With the continuum in mind, we turn to the issue of application. Specifically, the Scripture knows nothing of moral obedience outside our union with the saving work of Christ in his historical life, death and resurrection as the ground of the imputation of his righteousness to the sinner (justification; Rom. 4:25; 5:19), death to sin in the sinner (definitive sanctification; Rom. 6:6-7), and the continuing sanctifying work of Christ's Spirit in the believer (progressive sanctification; Rom. 6:12-13). In terms of the operation of the triune God of the Bible, history, soteriology, and ethics are inseparable companions; moral or ethical duty and obedience cannot be separated from the historical saving activity of God. For this reason the preacher must not drive a wedge between the Biblical text (as a document of antiquity) and the present stance of his listeners (as the notion of application is frequently used as a distinct tool to bridge the gap between ancient text and present life).24 Moreover, the preacher must avoid the current popular language that maintains that the preacher applies the text to the people while the people are stimulated and inspired to understand that application is something that they do. Often in such a construction, the Reformed preacher, in compliance with the Reformed doctrine of the Holy Spirit, will employ sincerely the Spirit as the One who bridges the gap by applying the text to the believer's will. Although the Reformed doctrine of the Holy Spirit may be upheld, the Holy Spirit is invoked in a construction where the historical discontinuity between the Biblical text and the present historical life of the listener is presupposed. Such a conception fails to take into consideration a more comprehensive redemptive-historical concentration on the work of the Holy Spirit. Hence, within the Biblical and Confessional understanding of the continuum, the interpretation and application proclaimed by the preacher is always to be grounded in the redemptive-historical event performed by God (centered in Christ) as the Holy Spirit interprets the event in his Word. Application in a sermon is never separated from event and God's Word; the preacher is always drawing the congregation into the world of the Biblical text for the Word of God and the saving activity of God in Christ brings power and life! The issue is not to assume a gap or discontinuity between the Biblical text and ourselves which must be bridged by some abstract principle; rather, the issue addressing the pastor is to draw God's people into the saving activity of God's work as a participant in the event recorded in the text, not as a spectator to that event (cf. Ex. 13:8; Hab. 3:15-16; Gal. 2:20-21; the preacher is drawing God's people into the saving work of God as recorded by the Holy Spirit who is also the Spirit who sanctifies God's people).25 In my judgment, the Biblical model is clear: "Good preaching does not apply the text to you, but good preaching applies you to the text." To put it another way, "The preacher does not take the word and apply it to you, but the preacher takes you and applies you to the word."26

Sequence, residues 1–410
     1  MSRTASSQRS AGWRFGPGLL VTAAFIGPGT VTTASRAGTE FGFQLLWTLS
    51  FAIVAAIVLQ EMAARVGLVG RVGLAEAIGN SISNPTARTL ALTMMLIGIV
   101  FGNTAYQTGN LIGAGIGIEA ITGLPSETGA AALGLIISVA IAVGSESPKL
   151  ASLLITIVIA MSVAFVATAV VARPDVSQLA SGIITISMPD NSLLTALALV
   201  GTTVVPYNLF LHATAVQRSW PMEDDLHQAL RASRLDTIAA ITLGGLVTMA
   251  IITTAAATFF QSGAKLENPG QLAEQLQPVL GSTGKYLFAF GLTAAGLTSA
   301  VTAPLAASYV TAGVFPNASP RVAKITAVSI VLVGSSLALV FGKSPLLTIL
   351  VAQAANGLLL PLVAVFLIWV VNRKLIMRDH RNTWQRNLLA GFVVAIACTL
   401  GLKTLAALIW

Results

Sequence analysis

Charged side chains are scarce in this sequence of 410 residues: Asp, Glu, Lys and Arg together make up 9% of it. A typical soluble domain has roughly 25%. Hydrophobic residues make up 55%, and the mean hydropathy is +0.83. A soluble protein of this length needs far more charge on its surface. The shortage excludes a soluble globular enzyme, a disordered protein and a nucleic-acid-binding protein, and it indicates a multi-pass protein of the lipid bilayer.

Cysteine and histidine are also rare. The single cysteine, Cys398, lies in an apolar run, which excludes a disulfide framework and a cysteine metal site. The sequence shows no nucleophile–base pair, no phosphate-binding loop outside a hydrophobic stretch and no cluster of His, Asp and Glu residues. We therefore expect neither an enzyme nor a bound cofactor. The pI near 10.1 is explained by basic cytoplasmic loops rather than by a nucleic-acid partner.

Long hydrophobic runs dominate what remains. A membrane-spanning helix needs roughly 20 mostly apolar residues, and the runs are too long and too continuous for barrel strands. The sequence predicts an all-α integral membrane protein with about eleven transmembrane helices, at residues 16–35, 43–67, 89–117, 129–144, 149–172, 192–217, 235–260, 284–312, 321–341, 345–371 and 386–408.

The directive should be understandable. The sanctifying Spirit of God accompanies the preaching of the Word as the preacher draws the congregation as participants into the event and the interpretation of the event that the sanctifying Spirit has recorded for the church of Christ. As the congregation sees herself as participant in the event of the text and its interpretation, she sees herself as applying her participation in union with the text (grounded, rooted, and sustained by God's sanctifying Spirit) to the continuing eschatological drama of redemptive-history—to every single situation in which the believer is engaged. In other words, the eschatological drama of redemptive-history found in the Biblical text extends into the continuing life of Christ's church until Christ comes again (we see ourselves in the continuing tension of the "already" and "not yet"). In fact, we live in the same redemptive-historical period as the apostles, i.e., between the death, resurrection, and ascension of Christ and his second coming; we live in the eschatological drama of the two ages—belonging and living in "the age to come" while still living in the "present evil age." We are to see ourselves in the same redemptive-historical period as they lived; there is no discontinuity in the sense of living in the same eschatological tension of the "already" and "not yet" as well as the overlapping of the two ages.27 As participants in that same period, the work of the Holy Spirit in the present life of the believer is never separated from the power of God's saving work as communicated in his Word.